More than 48,000 people visited the page that described the program and 350 really cool, talented people applied. I picked 27 finalists and all of them flew out to New York to meet each other. This was the most fun I’ve ever had at a cocktail party (it helped that it was at eight o’clock in the morning).

The conversations that day were stunning. Motivated people, all with something to teach, something to learn and something to prove. I asked each person to interview as many other people as they could. After three hours, I asked everyone to privately rank their favorite choices... “who would you like to be in the program with you?”

After they left, I tallied up the results. It was just as you might predict: nine or ten people kept coming up over and over in the top picks. I had crowdsourced the selection, and the crowd agreed. (It turns out that the people they picked were also the people I would have picked).

On January 20th, the most selective (one in 40 got in) MBA program in the world got started. Since then, they’ve never failed to live up to my hopes.

It's a good story. I recommend you read the whole post and follow some of the links.

Here's the link to the post:

Friday, June 05, 2009

Let the sun shine in...

We had a little excitement here last weekend at the (new) old homestead in Victoria. The 40' cedars in our front yard started smoking, thanks to the branches getting all tangled up with the power lines running through them.

Fortunately, our tenant, who was (ironically) enjoying a cigarette beneath the trees, heard some funny noises up above and noticed the smoke rising. A call to BC Hydro brought a truck out to investigate and a tree pruning crew to clean up the mess.

But when they arrived, their advice was simple. The trees were badly overgrown and presented a very real danger during windy, wet weather. They make excellent conducters when they're wet and if you happened to put your hand on a tree that was carrying a charge during a rainstorm, you stood a good chance of becoming a conduit for the electricity to get to the ground.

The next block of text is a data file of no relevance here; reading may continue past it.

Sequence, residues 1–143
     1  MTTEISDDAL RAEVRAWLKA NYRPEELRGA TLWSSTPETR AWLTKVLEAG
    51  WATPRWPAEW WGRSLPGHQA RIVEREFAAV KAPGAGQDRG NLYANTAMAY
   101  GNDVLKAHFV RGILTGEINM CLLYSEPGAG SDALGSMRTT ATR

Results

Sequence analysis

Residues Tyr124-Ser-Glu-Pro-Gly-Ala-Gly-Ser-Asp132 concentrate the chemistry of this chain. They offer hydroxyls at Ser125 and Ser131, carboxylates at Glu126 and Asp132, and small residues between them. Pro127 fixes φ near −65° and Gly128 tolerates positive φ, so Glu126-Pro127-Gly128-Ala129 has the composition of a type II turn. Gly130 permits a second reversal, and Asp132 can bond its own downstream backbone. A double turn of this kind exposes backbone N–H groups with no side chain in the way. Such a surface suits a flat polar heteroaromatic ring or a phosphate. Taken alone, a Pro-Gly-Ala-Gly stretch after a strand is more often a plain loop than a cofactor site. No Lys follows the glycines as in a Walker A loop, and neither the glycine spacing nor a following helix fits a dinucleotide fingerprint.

We had already been considering getting the trees removed, so when they offered to take them out for no charge, we said yes. My wife, Heather, snapped a few pictures of the process, which I've posted below.

As luck would have it, the day they took the trees down, the temperature took off here in Victoria. We've had record-setting heat every day since, which the extra sunlight in the morning hasn't helped. But although the house is a bit warmer, we like the light and the way it looks from the street. Now we just need to get the front yard landscaped...and maybe take down the cedar beside the house...and...the list goes on and on.

The only real negative out of all this is that now we're "those neighbours that moved in and chopped down those big cedars!" We'll never live down that rep!


Here's the job half-complete. We had three trees like the one above.


We went from 3 trees to a lot of stumps.


Roxy didn't know what to make of the change. But there might be rabbits in those things!


These guys were great. Nice bit of product insertion in this shot. I expect a cheque in the mail.


You wouldn't believe how fast free firewood gets grabbed by people. It was amazing.


And now, for the first time in about 40 years, you can see the front of our house from the street.

A sober look at the Mexican drug trade

Linda Diebel, a former Latin America bureau chief for the Toronto Star, has a sobering article up today on her blog Political Decoder. It's the story of how she learned the facts about the Mexican drug trade - and why she has no hope that it's going to be cleaned up any time soon.

Reading her account about how the trade will thrive because its too lucrative for both the dealers and the corrupt officials who benefit from it, I can't help but wonder why we believe that we're immune from that kind of corruption here in Canada. As we're seeing daily in Vancouver, our misguided attempts to control drugs by making them illegal only fuels the attraction of the business for the bad guys.

And while I don't believe that Canadian public officials are corrupt, one can't help but wonder whether the huge profits flowing to the gangs that control the business aren't finding a home in the pockets of the people we have put in charge of catching the bad guys.

Here's the link

Mad Avenue Blues

A brilliant look at what's been happening over the past year in the advertising game.

If you work in this business, you'll be all-too-familiar with what's being talked about. And if you don't - well, just enjoy this brilliant re-working of Don McLean's famous "American Pie."